Caffeine citrate: Is it a silver bullet in neonatology?
Caffeine citrate is one of the most prescribed drug in the present day NICU for apnea. Its efficacy, tolerability, wide therapeutic index and safety margin has made it the drug of choice among the methylxanthines.

Its therapeutic uses in apnea of prematurity, mechanical ventilation, bronchopulmonary dysplasia has made it a “silver bullet” in neonatology. However, there are still controversies surrounding this drug.

This review, published in the journal Pediatrics & Neonatology is aimed to update the reader about the basic pharmacology, current therapeutic uses, adverse effects, controversies as well as present and future research of caffeine.

Dosing and route:-
- Caffeine is available as caffeine citrate, which is available in both oral and injectable formulations. Earlier, caffeine was also available as an intramuscular injection of caffeine benzoate. However, in view of bilirubin displacement from the albumin binding sites in the neonates, this formulation has gone out of favor.

- The dose of caffeine base is half that of caffeine citrate. The most popular dosing of caffeine citrate is 20 mg/kg loading and 5 mg/kg of maintenance dose OD, given either as slow intravenous infusion over twenty to thirty minutes or as oral formulation.

- This standard dosing is known to achieve therapeutic level of eight to 20 mg/L in more than 70% of neonates.15 However, many studies have shown higher doses of caffeine to be more effective with negligible adverse effects.

- Loading dose of up to 50 mg/kg and maintenance dose of up to 20 mg/kg has been shown to be more effective in reducing apneic episodes and facilitating extubation in comparison to standard dose.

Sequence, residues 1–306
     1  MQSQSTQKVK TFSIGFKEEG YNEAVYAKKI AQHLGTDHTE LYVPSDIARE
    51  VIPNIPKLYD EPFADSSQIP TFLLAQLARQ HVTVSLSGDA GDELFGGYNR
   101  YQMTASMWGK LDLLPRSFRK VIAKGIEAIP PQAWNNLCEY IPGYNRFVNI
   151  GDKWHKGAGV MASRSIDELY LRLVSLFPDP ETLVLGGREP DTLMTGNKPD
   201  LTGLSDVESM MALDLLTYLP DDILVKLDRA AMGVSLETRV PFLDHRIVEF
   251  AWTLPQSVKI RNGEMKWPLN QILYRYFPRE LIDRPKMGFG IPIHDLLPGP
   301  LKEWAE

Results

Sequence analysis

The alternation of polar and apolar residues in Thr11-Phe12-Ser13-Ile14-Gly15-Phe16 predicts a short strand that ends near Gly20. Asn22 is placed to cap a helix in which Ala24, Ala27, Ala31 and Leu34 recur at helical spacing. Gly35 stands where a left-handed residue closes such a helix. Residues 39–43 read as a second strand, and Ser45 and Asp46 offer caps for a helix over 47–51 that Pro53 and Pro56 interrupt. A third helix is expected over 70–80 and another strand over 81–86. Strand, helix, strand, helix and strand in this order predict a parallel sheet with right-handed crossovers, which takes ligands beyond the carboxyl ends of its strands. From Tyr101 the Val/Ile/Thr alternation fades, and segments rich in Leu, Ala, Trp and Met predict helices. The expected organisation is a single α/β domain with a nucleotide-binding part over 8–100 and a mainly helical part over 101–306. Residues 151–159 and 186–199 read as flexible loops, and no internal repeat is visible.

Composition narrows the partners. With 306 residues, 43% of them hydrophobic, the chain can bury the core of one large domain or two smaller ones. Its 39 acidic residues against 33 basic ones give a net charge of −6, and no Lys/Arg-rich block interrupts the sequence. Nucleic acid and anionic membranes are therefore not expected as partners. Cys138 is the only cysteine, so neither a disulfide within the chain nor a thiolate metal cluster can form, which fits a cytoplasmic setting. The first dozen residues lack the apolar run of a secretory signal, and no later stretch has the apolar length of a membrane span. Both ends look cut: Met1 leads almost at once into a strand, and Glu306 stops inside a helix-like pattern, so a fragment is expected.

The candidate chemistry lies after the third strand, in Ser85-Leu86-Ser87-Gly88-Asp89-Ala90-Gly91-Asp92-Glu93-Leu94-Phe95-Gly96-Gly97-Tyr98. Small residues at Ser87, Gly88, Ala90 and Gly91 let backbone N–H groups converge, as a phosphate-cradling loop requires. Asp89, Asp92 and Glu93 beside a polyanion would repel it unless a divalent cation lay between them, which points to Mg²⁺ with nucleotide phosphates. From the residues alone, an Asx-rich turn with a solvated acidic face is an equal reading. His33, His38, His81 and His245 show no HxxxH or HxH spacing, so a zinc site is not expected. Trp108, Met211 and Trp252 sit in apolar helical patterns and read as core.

Pharmacologic actions:-
- Caffeine stimulates the respiratory center, sensitizing it to hypercapnia. This leads to increase in mean respiratory rate and tidal volume, improved pulmonary blood flow, better carbon dioxide sensitivity and enhanced diaphragmatic function and breathing pattern.

- It also acts as a central stimulant as well as a somnolytic agent. The adenosine blocking action of caffeine is also known to secondarily affect several other neurotransmitters in the brain like dopamine, serotonin, noradrenaline, acetylcholine, gamma-aminobutyric acid [GABA], etc.

- Caffeine stimulates the myocardium and increases heart rate, cardiac output, stroke volume as well as mean arterial blood pressure. In kidneys, caffeine increases glomerular filtration rate and produces diuresis.

- This is primarily mediated via its adenosine antagonistic activity in the kidneys. Caffeine also increases basal metabolic rate, enhances catecholamine secretion and alters glucose homeostasis.

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